Millienne’s strategy was to go as fast as possible on the uphill stretches, and then wait for Martha and the others to catch up at a convenient place before taking off again. At one point Martha commented that this really wasn’t fair. Millienne got to rest, but the laggards had to go straight through. Millienne was getting frustrated with the pace, though. She told Martha, “You can’t be a leader if you can’t go up a mountain to reach people.” She even turned on music on her phone to encourage us. On Sunday, we get electricity all day, so there wasn’t an issue of preserving her phone’s battery. She used me as a comparison: “If you all walked as fast as Sora, you’d be there by now.” I wasn’t sure whether that would make Martha and the others like me less, but I kept up with Millienne anyway because I wanted to. We were plunging forward so fast it felt like we were falling up, and I liked that feeling.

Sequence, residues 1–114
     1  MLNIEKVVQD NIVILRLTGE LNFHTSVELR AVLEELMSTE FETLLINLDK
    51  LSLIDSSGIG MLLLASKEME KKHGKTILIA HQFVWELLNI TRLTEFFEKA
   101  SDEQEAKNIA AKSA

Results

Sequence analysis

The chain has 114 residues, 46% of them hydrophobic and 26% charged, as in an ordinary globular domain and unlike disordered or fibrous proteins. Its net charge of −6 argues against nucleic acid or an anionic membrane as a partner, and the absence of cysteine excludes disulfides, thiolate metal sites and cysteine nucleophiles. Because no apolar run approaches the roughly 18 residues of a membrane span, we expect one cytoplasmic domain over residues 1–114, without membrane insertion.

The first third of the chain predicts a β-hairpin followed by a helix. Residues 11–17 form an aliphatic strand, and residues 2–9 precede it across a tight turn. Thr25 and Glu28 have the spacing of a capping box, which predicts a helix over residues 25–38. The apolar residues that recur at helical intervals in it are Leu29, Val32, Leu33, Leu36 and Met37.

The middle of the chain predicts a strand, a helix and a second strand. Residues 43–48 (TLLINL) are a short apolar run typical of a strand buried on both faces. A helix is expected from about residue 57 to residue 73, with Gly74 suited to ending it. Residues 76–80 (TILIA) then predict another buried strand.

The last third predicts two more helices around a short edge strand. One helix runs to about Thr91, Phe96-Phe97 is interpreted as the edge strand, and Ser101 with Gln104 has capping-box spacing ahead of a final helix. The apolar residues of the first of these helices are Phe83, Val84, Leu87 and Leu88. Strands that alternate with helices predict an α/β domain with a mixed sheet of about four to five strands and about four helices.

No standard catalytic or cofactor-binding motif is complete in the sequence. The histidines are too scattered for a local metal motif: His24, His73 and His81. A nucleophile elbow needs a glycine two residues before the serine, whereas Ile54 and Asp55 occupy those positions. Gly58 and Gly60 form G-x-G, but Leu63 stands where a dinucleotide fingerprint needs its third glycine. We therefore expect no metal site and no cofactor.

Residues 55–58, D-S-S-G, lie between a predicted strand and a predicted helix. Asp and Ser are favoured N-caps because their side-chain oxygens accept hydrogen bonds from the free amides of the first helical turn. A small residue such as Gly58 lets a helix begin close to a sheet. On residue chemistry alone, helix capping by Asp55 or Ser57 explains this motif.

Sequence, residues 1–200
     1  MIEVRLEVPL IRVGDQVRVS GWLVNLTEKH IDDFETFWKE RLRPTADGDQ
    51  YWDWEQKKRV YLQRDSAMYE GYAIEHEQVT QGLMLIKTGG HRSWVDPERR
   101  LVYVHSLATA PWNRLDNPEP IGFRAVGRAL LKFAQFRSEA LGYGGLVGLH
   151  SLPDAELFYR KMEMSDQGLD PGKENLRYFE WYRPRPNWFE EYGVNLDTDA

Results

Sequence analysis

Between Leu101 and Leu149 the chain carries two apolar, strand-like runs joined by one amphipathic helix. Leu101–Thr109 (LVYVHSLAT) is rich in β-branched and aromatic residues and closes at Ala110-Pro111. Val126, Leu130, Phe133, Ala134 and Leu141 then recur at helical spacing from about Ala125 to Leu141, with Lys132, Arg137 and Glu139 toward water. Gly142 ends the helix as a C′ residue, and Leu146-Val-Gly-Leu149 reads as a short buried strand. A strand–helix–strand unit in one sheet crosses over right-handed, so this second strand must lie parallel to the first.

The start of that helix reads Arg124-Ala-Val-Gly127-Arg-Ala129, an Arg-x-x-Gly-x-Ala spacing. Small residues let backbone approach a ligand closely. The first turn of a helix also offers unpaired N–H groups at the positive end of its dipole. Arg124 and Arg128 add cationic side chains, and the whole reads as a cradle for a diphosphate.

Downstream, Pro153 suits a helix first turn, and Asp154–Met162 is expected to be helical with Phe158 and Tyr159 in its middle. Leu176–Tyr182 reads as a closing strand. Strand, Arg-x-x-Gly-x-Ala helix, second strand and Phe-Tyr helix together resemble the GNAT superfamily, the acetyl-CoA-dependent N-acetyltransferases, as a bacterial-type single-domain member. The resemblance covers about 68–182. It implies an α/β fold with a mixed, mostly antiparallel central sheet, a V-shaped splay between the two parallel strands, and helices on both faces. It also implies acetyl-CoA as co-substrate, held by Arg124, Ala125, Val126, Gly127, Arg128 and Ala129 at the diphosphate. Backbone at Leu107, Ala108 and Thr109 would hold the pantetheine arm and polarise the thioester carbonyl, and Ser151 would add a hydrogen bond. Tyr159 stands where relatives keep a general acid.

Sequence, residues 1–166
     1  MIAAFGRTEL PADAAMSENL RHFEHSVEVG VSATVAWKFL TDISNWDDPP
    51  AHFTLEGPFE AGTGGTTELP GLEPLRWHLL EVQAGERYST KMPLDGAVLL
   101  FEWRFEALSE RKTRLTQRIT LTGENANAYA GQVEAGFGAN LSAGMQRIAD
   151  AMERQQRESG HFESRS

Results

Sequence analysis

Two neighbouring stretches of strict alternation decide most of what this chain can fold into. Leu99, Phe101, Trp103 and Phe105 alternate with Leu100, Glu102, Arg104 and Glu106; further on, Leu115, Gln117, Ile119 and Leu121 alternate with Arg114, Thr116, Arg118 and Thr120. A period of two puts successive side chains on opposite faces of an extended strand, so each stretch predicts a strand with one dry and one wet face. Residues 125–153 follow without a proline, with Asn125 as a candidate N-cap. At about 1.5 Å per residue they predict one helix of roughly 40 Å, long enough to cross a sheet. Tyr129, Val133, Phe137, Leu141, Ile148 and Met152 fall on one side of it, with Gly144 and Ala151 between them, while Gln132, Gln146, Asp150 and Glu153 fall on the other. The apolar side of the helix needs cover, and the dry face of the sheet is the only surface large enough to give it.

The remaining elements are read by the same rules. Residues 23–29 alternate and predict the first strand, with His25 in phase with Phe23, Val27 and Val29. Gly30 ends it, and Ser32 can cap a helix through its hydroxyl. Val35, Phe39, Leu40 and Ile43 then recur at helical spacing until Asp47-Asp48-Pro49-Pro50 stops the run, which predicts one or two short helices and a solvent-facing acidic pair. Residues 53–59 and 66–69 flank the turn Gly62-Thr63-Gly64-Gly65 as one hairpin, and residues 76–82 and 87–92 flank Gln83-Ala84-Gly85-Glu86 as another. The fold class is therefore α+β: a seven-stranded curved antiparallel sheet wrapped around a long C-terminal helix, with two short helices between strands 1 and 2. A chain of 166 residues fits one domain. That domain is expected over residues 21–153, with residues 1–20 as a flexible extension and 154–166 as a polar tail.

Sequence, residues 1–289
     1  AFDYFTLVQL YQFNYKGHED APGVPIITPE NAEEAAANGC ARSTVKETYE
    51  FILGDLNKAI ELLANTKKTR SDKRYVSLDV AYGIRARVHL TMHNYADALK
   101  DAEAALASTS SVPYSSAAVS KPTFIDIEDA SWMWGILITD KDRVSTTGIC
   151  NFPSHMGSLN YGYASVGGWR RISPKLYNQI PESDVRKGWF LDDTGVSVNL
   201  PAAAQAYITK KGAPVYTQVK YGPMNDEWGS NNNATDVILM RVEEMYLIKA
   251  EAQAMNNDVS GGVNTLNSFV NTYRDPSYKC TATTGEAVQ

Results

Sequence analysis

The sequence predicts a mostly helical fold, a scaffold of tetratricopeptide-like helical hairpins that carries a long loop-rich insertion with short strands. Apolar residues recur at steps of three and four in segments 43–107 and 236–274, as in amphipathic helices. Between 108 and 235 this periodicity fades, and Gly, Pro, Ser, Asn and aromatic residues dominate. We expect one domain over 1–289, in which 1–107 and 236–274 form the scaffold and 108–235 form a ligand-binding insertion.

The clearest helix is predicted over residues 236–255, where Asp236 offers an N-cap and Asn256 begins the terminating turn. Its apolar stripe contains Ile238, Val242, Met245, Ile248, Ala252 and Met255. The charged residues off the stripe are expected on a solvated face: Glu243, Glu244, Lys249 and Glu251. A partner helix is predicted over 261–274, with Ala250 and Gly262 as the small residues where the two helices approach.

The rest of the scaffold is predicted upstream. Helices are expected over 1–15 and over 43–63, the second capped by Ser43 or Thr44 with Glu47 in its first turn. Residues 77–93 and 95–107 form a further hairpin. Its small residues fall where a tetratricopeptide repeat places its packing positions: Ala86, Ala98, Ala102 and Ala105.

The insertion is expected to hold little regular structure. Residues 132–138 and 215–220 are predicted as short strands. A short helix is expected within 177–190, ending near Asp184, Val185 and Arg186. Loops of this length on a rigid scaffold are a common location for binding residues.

I wasn’t keeping track of time, so I have no idea how long the walk actually was. I do know it was gorgeous. Although I had to spend most of my time looking at the ground and concentrating on stepping in the right places, the rest stops gave me plenty of time to look. Lascahobas is in a valley, so as we ascended we saw the town situated within the larger spread of the plain, and mountains on either side. The view closer by was also great. The rocks underfoot were full of holes in interesting places, and often when we rested we’d sit on a boulder. People still plant on the slopes, so we walked alongside corn, plantains, coffee, pumpkins, coconuts, mangos, and other things. I recognized the pumpkins from growing them in our backyard when I was really little, and it was the first time I’d seen a coffee plant. There were also some pretty flowers growing wild, like orchids and many others that I didn’t recognize, all with brilliant colors. At one point, Millienne tried to tear up a vine with pretty leaves to plant back at her house. Of course, everything was very lush and tropical, which made me feel like I was in a dream or in a movie. It helped that the sky was doing that thing where all the clouds are scalloped and stretching across a whole half of the dome above you.